Daniel E. Johnson, PhD
Professor, Dept. of Otolaryngology - Head & Neck Surgery, UCSF
Daniel Johnson, PhD, is Professor and Vice Chair of Research in the Department of Otolaryngology – Head and Neck Surgery (OHNS) at the University of California, San Francisco. He obtained a bachelor of science in chemistry and a bachelor of arts in mathematics, both from North Park University in Chicago, Illinois. Dr. Johnson earned his MA and PhD in molecular biology from Princeton University, followed by a postdoctoral fellowship at the University of California, San Francisco. Prior to joining UCSF OHNS Department in 2016, Dr. Johnson was a Professor in the Division of Hematology/Oncology, Department of Medicine, and Department of Pharmacology and Chemical Biology at the University of Pittsburgh, Pennsylvania. Dr. Johnson was also the Scientific Director of the Acute Leukemia Working group at the University of Pittsburgh Cancer Institute.
Dr. Johnson has over 120 publications and is Editor of two books, entitled “Cell Death Signaling in Cancer Biology and Treatment” and “Targeting Cell Survival Pathways to Enhance Response to Chemotherapy”. He has maintained continuous NIH funding as a principal investigator since 1995, and has served as a standing member for both NIH and ACS study sections. Dr. Johnson continues to play an active role on multiple review panels for the NIH, VA, and other granting agencies, and serves on the Board of Scientific Counselors for NIH NIDCD. Since 2001 he has served as a Section Editor for Leukemia, the top-ranked journal for hematologic malignancies, and has also served as Editor for Cancer Research and Oncology Research. Dr. Johnson places a high priority on translating findings from his lab to the clinic, and has facilitated the development of clinical trials in both leukemia and head and neck cancer.
Dr. Johnson greatly values teaching and serving as a mentor for individuals with a broad variety of educational backgrounds. He has served as primary mentor or co-mentor for 68 trainees. Most of his trainees have gone on to higher academic or clinical positions, including several who are now faculty members at academic institutions. He was the first lab-based faculty to be awarded the G. David Roodman Excellence in Mentorship Award by the University of Pittsburgh Hematology/Oncology Clinical Fellows. At the University of Pittsburgh he also was a leader for the Career Mentoring Program for junior faculty, and taught extensively in both the graduate and medical schools. He is a faculty member of the BMS Graduate Program at UCSF.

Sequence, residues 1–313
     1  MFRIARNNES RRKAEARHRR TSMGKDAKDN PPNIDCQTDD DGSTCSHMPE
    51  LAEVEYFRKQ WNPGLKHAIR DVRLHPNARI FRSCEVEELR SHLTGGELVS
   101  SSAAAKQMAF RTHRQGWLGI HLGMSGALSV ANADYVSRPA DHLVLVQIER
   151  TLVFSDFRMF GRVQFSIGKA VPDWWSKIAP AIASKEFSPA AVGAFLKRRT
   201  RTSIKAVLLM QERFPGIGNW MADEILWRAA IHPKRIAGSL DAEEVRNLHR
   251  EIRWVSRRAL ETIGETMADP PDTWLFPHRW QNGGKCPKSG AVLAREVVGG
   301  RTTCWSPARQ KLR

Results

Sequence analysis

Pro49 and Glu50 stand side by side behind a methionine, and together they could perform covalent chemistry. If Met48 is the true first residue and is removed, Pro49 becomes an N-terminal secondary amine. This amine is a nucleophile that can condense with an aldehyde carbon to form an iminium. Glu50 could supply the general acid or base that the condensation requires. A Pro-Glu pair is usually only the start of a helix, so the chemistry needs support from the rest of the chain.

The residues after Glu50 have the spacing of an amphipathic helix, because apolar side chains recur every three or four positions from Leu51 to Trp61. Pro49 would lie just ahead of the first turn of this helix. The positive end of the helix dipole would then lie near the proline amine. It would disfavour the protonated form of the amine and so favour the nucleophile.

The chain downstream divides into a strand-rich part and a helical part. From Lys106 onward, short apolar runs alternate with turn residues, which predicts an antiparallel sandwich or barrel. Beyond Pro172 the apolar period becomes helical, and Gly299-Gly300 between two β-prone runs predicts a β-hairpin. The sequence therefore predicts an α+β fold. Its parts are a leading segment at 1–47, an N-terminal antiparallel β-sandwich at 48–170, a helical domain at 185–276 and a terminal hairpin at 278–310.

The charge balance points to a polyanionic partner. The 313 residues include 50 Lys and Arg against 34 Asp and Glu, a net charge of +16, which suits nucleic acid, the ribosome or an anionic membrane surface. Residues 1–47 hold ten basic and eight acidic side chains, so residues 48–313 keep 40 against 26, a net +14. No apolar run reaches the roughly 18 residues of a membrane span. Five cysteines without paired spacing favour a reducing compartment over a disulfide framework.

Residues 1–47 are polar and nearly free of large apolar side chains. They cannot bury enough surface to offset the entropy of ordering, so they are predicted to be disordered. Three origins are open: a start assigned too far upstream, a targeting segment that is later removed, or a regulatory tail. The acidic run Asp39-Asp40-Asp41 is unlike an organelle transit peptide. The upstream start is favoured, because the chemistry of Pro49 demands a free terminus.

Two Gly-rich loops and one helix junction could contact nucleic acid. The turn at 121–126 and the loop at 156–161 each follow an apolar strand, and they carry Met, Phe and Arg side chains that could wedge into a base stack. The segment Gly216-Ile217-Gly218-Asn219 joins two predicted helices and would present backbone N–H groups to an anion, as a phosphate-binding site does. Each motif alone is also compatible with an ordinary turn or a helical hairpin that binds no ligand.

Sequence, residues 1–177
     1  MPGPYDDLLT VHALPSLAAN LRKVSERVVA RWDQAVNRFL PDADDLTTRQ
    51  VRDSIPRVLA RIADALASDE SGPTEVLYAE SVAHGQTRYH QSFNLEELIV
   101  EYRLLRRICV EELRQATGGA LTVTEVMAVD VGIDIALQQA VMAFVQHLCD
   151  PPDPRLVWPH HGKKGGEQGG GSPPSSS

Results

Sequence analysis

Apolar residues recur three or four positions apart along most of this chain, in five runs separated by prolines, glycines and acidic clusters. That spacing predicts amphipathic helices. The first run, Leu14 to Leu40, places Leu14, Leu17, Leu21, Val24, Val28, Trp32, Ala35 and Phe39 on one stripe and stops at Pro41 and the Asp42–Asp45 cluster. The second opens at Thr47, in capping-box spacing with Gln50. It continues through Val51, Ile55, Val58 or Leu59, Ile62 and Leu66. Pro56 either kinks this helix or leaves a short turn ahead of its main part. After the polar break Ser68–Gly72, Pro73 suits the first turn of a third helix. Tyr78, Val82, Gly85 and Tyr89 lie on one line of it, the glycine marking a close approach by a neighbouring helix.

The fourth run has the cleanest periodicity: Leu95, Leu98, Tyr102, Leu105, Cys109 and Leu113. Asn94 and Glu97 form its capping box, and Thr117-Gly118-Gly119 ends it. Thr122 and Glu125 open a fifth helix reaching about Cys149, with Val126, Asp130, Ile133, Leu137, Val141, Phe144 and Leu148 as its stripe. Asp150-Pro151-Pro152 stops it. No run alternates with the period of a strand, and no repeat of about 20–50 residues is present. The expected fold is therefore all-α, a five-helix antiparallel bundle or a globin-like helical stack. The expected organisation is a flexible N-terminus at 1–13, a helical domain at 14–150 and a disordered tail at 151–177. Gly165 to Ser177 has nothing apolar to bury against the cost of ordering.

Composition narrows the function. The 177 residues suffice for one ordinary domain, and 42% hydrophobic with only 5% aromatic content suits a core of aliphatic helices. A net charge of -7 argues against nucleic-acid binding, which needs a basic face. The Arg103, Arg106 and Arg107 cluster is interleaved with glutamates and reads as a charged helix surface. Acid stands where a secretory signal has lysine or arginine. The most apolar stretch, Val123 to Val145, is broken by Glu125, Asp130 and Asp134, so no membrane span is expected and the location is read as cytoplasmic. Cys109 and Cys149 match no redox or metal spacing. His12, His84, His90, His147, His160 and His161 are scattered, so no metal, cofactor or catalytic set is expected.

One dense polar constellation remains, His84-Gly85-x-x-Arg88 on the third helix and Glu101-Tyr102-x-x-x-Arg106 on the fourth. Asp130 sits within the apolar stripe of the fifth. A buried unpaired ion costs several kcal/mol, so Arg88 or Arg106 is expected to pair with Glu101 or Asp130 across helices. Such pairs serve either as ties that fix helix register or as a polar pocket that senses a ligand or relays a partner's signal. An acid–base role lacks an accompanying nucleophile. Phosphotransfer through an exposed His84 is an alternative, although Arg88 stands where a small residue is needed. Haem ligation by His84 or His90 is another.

In collaboration with Jennifer Grandis, M.D., Dr. Johnson co-directs the Head and Neck Cancer Lab in the HDFCCC research building. Work in the Head and Neck Cancer Lab employs multiple model systems to investigate the biology and therapy of head and neck squamous cell carcinoma (HNSCC), including isogenic cell lines, organoids, patient-derived xenograft tumors, genetically engineered mice, and primary patient specimens.
Dr. Johnson’s research is focused on understanding the molecular mechanisms that contribute to the origin and progression of head and neck squamous cell carcinoma (HNSCC), and the development of novel therapeutic agents and strategies for this disease. He is particularly interested in combating the intrinsic and acquired resistance to anti-cancer agents that characterizes the majority of HNSCC patient tumors. Work from his lab has shown that overexpression of anti-apoptotic Bcl-2 family members and/or hyperactivation of STAT3 transcription factor contribute to HNSCC drug resistance. He has employed small molecule inhibitors of Bcl-2/Bcl-XL/Mcl-1, as well as proteasome inhibitors, to develop synergistic co-targeting strategies to overcome resistance arising for overexpression of Bcl-2 family members. To combat the effects of STAT3 hyperactivation, he has co-invented an highly novel decoy oligonucleotide inhibitor for this previously undruggable oncogene. Current efforts are focused on moving the STAT3 decoy to clinical evaluation in patients with HNSCC. Additional studies in his lab have shown that mutations in caspase-8 protease, which occur frequently in HNSCC tumors, contribute to disease progression by abrogating cell death mediated by death ligands such as TRAIL and TNF. Ongoing studies are aimed at developing further in vivo and organoid models of HNSCC for investigation of drug resistance mechanisms and evaluation of novel precision medicine therapeutic strategies.
North Park College, Chicago, IL, B.S.. 05/82, Chemistry
North Park College, Chicago, IL, B.A., 05/82, Mathematics
Princeton University, Princeton, NJ, M.A., 05/84, Molecular Biology
Princeton University, Princeton, NJ, Ph.D., 05/88. Molecular Biology
University of California, San Francisco, CA, Fellow, 12/92, Postdoctoral Fellow